I read your fasting diary and noted the walking emphasis. Part of my lack of sleep manifests as a feeling of being trapped in bed or within the house. Or, as you suggest, trapped with my ego and no distractions. Perhaps walking meditatively at night, regardless of the time, would be a way to still my restless mind and relax my body.

        I agree with your emphasis on longer fasts over intermitted fasting. We do find it a safe and effective method to introduce people to fasting. The fear the average person has over missing a meal, much less an entire day, is something we work with at our clinic. If we can get them comfortable with 36 hours without food, introducing them to longer fasting is much easier, and the patient can make an informed decision. We cannot professionally recommend longer fasts as fasting is not recognized as a standard of care.

        I will try mindfulness while walking at night on my next fast. And where I live, that will mean walking at night in the rain! I always enjoyed running at night in the rain. Everything is muffled and quieter and you can focus on the sound of your breath.

        Thanks.

        • Tallis Shivantar says

          Walking meditatively at night is wonderful while fasting – do try it! The world outside has quietened to reflect the state inside…
          Tallis

      • Michael Farley says

        Thanks for your reply. I will add mindful night walking to my program. I noticed the amount of walking you did while reading your diary. I can easily walk from my home safely and quietly at night. I know I need much less sleep as the body is not using energy to digestive during the fast. It never occurred to me to simply go outside and walk at night!

        My goal is to fast before winter. I will let you know how it goes.

        Thanks,

        Michael

  2. Michael Farley says

    Thank you for the information. I have done many water fasts over the last forty years but only one three day dry fast about a year ago. I decided to do a five day dry fast and immediately found your site this morning. First place I came to. I am on a ketogenic diet off and on for years, and moving into a fast while in ketosis is much easier. I believe that we evolved while eating a ketogenic diet and our evolutionary experience with fasting was one of moving from ketosis into the deeper state of ketosis that occurs during a fast. If you are already in ketosis, no need to water fast first. Also muscle mass is more protected. At our clinic we treat people by placing them on a ketogenic diet and use intermitted fasting when appropriate. All the modern degenerative diseases are healed with this protocol.

    Are you aware of the ultra marathon and distance running research being conducted on athletes while in ketosis? Superior results to glucose diets. Word records are being broken by these ketogenic runners. No hitting the glucose wall. There is a particular way you have to train but the results will manifest.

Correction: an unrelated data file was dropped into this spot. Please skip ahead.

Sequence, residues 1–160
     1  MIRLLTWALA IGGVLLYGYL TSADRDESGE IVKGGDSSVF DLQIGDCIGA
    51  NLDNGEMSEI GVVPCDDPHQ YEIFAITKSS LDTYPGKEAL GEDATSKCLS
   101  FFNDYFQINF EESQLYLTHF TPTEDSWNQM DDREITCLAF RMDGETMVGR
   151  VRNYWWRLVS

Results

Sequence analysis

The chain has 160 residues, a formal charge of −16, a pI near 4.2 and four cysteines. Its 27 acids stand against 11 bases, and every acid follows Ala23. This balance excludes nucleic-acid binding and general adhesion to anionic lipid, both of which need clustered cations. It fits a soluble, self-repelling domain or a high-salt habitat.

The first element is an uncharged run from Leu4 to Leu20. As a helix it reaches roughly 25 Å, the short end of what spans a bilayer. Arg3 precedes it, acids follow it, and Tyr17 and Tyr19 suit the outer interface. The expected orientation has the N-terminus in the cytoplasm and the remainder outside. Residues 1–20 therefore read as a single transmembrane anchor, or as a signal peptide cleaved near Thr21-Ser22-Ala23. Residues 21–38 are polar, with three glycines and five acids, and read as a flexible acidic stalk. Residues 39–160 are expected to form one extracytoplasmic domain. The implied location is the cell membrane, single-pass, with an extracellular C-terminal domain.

If you are interested read Primal Endurance by Mark Sisson. A good place to start.

    • Tallis Shivantar says

      Hi Michael,

      Thanks for writing and sharing your thoughts. I definitely agree that it’s easier to begin a fast while already in ketosis – for a start, there’s no major metabolic change taking place! I agree partially with the concept of the ketogenic diet as homo sapien’s “original” diet. There’s no question that, there would have been periods out there on the African savannah when the majority of our calories would have come from only big game, and thus low-carb. But it’s also true that there would have been times of the year (and especially so in more temperate climates) when we would have been gorging ourselves on mostly berries and fruit – and thus living on a high-sugar diet.

      Rather, what differentiated the members of ancient hunter-gatherer societies is the distances they travelled to search for food. They burned huge amounts of calories. In a way, they were the world’s first ultra marathoners :-). Because they were constantly burning calories, and because – whether or like it or not – they were also frequently fasting due to shortages of food – they were able to effortlessly enter ketosis any time they needed, regardless of whether they were eating low-carb at that particular time of year.

      I experience this in my own body. I’m also an ultra runner. I’m also a vegan. But because I’ve been regularly fasting for years now, I have no need for any of those awful glucose gels or other sugars to get me through the miles in the way that most other vegan athletes do. While running, I eat only about 100-200 calories per hour (usually either dates or pretzels), which is similar to the caloric intake of ultrarunners who eat ketogenic diets and sustain their runs mostly on ketosis.

      Despite the benefits of ketogenic diets, there’s one big downside. Recent research suggests increasingly that those who live on a ketogenic diet have higher mortality rates. I’ll give the most recent example, reported here:
      https://www.bbc.com/news/health-45195474

      I respect the use of ketogenic diets in therapy. They certainly have their place, as in cancer cases in which tumours thrive on sugars. But in my experience, the best diet in therapy depends on the particular issue and the individual person. Vegan diets, for instance, can work equally well if not better in dealing with autoimmune issues.

      This is nit-picking, though. The common thread here is fasting!
      So whether it’s just intermittent fasting or an extended healing fast, the best thing anyone can do is try it!

      Tallis

Leave a Reply

This site uses Akismet to reduce spam. Learn how your comment data is processed.